“Hello,” McAllister said, his voice weak and raspy on the other end of the line.
“Mac, this is Matthew. Mac . . . ah . . . we have something to tell you. It’s about Rene, Mac. Ah . . . do you have anyone there with you now?”
“No. Why? Did she finally show up?”
“She’s dead, Mac. She drowned sometime last night. Shirley found her body this morning down by the Sherman dock.”
“Dead? You’re sure it’s her?”
“It’s her, Mac. No mistake. Do you want me to come get you?”
“At your place?”
“Yes. Well . . . no, actually . . . down next to Sherman’s dock. The police and EMS people are here right now. Do you want me to come get you?”
“Oh . . . no! My God . . . no. I’m OK. I’ll be right there.”
“Come to our house first.”
“Right. Your house. I will.”
Matthew heard McAllister pull up and went out to meet him. “Do you want to come into the house?” he asked.
“No. I want to see Rene.”
“She’s dead, Mac. There’s nothing to see. Nothing you’d want to see.”
“No. I want to see her.”
“You need to prepare yourself. She’s . . . she’s all covered with sand and wet and . . . well . . . she looks pretty bad.” McAllister peered over Matthew’s shoulder to catch a glimpse of what was going on at the lakeshore. “Come on then. I’ll go with you.”
The police cordoned off the area of the beach where Rene’s body was found with yellow and black ribbon. The crowd continued to collect and gawk at the EMS and police. Matthew and McAllister pushed their way through the people toward the beach. Matthew was surprised at the size of the area that the police isolated. The ribbon stretched from the Sherman dock, up into the yard to a folding chair, and then at an angle to a tree on the lot line between the Sherman property and Clay’s. Officer Fletcher was walking the length of the Sherman dock with the roll of ribbon closing the area at the end of the dock so that the water immediately in front of the body would be in the restricted zone. Detective Raker looked up as Matthew and McAllister approached.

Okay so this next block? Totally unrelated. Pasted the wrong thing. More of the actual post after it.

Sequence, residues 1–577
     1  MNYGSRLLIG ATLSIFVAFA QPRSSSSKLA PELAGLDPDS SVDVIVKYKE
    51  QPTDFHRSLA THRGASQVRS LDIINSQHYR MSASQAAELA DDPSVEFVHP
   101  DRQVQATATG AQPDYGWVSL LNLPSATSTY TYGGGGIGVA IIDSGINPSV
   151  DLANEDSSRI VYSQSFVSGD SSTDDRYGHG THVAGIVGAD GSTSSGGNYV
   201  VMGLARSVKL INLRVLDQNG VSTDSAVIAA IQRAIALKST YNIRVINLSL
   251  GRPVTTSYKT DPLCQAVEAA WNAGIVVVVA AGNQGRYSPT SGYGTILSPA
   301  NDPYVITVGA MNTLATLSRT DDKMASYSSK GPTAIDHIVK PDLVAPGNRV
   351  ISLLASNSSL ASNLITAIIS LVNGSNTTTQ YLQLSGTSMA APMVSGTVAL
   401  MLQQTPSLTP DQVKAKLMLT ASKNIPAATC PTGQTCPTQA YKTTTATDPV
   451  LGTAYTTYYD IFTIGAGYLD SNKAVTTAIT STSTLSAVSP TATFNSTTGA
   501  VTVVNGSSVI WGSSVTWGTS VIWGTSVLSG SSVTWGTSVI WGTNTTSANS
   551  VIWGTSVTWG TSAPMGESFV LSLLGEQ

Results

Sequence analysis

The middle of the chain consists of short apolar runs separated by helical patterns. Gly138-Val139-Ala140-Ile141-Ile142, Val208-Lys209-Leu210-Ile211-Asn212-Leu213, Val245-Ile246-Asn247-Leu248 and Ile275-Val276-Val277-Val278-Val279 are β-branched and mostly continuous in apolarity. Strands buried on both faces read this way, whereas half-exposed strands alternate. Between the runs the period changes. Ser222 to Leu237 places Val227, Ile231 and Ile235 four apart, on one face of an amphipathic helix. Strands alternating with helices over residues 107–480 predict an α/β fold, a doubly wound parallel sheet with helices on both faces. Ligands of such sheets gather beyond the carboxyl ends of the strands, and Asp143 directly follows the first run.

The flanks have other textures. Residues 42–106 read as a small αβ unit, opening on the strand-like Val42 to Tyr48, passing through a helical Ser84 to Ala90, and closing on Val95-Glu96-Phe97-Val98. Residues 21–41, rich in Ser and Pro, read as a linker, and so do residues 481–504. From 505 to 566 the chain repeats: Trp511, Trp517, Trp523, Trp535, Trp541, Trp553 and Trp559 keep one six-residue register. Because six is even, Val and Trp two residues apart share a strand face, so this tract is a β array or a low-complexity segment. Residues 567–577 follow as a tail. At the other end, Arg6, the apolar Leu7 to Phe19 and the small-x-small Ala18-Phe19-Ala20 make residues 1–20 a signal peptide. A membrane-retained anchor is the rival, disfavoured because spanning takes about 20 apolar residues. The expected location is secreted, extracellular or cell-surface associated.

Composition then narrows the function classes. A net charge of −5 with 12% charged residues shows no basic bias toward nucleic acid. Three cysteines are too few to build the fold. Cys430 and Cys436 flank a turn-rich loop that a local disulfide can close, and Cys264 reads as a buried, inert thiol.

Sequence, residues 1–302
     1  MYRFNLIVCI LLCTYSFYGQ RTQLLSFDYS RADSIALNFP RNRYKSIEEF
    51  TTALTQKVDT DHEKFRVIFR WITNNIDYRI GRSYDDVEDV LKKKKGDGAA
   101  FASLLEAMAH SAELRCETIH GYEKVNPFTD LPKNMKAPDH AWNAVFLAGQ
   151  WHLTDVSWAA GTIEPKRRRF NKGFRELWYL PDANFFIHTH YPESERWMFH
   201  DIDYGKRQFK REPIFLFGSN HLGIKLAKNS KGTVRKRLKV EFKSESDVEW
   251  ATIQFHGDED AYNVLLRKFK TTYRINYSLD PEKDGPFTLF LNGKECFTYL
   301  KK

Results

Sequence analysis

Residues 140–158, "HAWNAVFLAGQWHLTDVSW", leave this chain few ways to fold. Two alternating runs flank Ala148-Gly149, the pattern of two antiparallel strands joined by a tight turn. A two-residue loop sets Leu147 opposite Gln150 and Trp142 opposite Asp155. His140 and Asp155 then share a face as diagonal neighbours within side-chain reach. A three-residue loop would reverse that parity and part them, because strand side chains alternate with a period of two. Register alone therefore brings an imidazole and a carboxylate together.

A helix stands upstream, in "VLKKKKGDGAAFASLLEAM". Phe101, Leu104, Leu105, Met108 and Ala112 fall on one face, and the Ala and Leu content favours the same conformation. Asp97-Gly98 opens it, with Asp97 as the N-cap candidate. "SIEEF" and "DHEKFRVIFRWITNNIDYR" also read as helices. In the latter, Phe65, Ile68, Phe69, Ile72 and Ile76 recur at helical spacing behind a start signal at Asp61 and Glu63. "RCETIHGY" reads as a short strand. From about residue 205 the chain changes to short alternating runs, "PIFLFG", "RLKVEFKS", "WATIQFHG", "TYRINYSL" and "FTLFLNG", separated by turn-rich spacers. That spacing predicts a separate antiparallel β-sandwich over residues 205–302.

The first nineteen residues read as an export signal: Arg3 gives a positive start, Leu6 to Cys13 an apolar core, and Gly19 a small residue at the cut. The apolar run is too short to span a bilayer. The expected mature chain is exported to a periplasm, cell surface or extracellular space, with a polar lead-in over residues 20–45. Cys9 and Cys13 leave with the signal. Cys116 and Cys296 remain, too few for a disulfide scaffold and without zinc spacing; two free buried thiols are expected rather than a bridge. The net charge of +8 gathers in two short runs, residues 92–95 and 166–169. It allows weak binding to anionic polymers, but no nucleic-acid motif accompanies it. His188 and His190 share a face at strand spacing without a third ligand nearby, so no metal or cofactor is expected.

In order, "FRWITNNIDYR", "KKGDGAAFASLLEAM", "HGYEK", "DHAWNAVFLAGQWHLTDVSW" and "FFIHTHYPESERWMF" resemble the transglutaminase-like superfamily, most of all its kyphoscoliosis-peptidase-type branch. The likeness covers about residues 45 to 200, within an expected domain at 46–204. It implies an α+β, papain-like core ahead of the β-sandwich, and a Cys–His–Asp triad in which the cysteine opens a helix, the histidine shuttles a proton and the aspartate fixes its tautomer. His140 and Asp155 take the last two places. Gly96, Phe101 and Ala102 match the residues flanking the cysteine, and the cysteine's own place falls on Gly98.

“You need to respect that barrier,” Raker called out.
“That’s my wife.”
Raker rose to his feet immediately and walked over to confront McAllister. “You’re McAllister?” he asked.
“Yes. Alan McAllister. Can I see her?”
“At the moment, no, sir. I’m sorry. We need to make certain we can move her without disturbing the scene . . . so it will not be compromised. It won’t take long,” Raker explained. “I’m sorry. Your wife’s been dead for several hours, apparently from drowning. Why don’t you and your friend go back to the house. When we’re through here, we’ll let you know. You can view your wife’s body before we take it to the medical examiner.”
McAllister strained to see Rene’s body that lay more than 50 feet away in the sand. “This is an accident, isn’t it? Why the police?”
“Just routine,” Raker replied. “Please, the quicker we can get on with it, the better. I’ll want to talk to you in a few minutes.” Matthew put his hand on McAllister’s shoulder and nudged him to turn. Mac conceded reluctantly, and the two men trudged back to the deck where Shirley was standing. She had been joined by Joyce Sherman. “Have you had breakfast or anything?” Matthew asked.
“No. I’m not hungry.”
“Well, come sit down. A cup of coffee, maybe?”
“I’m so sorry,” Joyce whispered as he stepped onto the deck. “I’m so very sorry.” McAllister walked over to a chair and sat down. Moments later, Shirley reappeared on the deck with two steaming cups of coffee. The four sat silently for several minutes.
“So she wasn’t breathing or anything . . . when you found her?” McAllister asked.
“No,” Matthew replied.